10-K 1 ctmx-10k_20161231.htm 10-K ctmx-10k_20161231.htm

 

UNITED STATES

SECURITIES AND EXCHANGE COMMISSION

WASHINGTON, D.C. 20549

 

FORM 10-K

 

(Mark One)

ANNUAL REPORT PURSUANT TO SECTION 13 OR 15(d) OF THE SECURITIES EXCHANGE ACT OF 1934

For the fiscal year ended December 31, 2016

OR

TRANSITION REPORT PURSUANT TO SECTION 13 OR 15(d) OF THE SECURITIES EXCHANGE ACT OF 1934

For the transition period from                 to                

Commission File Number 001-37587

 

CytomX Therapeutics, Inc.

(Exact Name of Registrant as Specified in Its Charter)

 

Delaware

 

27-3521219

(State or other jurisdiction of

incorporation or organization)

 

(I.R.S. Employer

Identification No.)

 

151 Oyster Point Boulevard, Suite 400

South San Francisco, California

 

94080

(Address of principal executive offices)

 

(Zip Code)

(650) 515-3185

(Registrant’s telephone number, including area code)

 

Securities registered pursuant to Section 12(b) of the Act:

 

 

 

 

Title of each class

 

Name of each exchange on which registered

Common Stock, $0.00001 par value

 

The NASDAQ Global Select Market

Securities registered pursuant to Section 12(g) of the Act:

None 

 

Indicate by check mark if the registrant is a well-known seasoned issuer, as defined in Rule 405 of the Securities Act.    Yes       No  

Indicate by check mark if the registrant is not required to file reports pursuant to Section 13 or Section 15(d) of the Act.    Yes       No  

Indicate by check mark whether the issuer (1) has filed all reports required to be filed by Section 13 or 15(d) of the Securities Exchange Act of 1934 during the preceding 12 months (or for such shorter period that the registrant was required to file such reports), and (2) has been subject to such filing requirements for the past 90 days.    Yes      No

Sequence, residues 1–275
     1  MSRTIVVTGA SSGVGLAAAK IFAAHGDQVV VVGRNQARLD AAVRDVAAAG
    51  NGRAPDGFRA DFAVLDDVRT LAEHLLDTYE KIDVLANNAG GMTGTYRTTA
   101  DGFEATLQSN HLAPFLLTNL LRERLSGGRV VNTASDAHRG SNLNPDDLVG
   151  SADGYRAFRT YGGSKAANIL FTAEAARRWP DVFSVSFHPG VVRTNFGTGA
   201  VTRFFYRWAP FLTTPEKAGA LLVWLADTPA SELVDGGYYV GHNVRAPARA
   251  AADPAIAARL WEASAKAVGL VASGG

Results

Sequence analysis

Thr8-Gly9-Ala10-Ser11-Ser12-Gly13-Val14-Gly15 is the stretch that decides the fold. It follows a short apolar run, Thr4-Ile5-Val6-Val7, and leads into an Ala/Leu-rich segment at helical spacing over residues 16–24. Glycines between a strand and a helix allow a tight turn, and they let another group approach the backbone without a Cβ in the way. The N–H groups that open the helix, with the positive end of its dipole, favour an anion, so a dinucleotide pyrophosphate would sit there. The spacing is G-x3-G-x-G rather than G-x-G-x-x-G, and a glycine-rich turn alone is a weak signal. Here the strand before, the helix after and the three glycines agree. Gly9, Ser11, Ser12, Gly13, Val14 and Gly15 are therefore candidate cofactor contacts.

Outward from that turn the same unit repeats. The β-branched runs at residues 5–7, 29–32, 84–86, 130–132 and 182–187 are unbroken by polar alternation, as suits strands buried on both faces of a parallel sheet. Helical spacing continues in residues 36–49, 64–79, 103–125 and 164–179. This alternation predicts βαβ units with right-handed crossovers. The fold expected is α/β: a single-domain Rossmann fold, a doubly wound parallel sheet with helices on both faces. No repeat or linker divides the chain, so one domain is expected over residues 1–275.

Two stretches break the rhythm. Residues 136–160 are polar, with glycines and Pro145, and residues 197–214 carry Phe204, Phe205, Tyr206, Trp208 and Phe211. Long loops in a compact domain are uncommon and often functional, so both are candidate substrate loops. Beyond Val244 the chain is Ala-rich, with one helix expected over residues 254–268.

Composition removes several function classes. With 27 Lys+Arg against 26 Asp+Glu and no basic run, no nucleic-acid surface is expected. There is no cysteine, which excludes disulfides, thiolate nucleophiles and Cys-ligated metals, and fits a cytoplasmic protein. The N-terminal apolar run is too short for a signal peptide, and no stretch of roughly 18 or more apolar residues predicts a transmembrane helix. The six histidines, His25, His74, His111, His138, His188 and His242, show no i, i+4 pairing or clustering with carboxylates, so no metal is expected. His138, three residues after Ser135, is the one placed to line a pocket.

Indicate by check mark whether the registrant has submitted electronically and posted on its corporate website, if any, every Interactive Data File required to be submitted and posted pursuant to Rule 405 of Regulation S-T (§232.405 of this chapter) during the preceding 12 months (or for such shorter period that the registrant was required to submit and post such files).    Yes      No  

Indicate by check mark if disclosure of delinquent filers pursuant to Item 405 of Regulation S-K (§ 229.405) is not contained herein, and will not be contained, to the best of registrant’s knowledge, in definitive proxy or information statements incorporated by reference in Part III of this Form 10-K or any amendment to this Form 10-K.  

Indicate by check mark whether the registrant is a large accelerated filer, an accelerated filer, a non-accelerated filer or a smaller reporting company. See the definitions of “large accelerated filer,” “accelerated filer” and “smaller reporting company” in Rule 12b-2 of the Exchange Act. (Check one)

 

Large accelerated filer

 

  

Accelerated filer

 

 

Non-accelerated filer

 

 

 (Do not check if a smaller reporting company)

  

 

Smaller reporting company

 

 

Indicate by check mark whether the registrant is a shell company (as defined in Rule 12b-2 of the Exchange Act).    Yes      No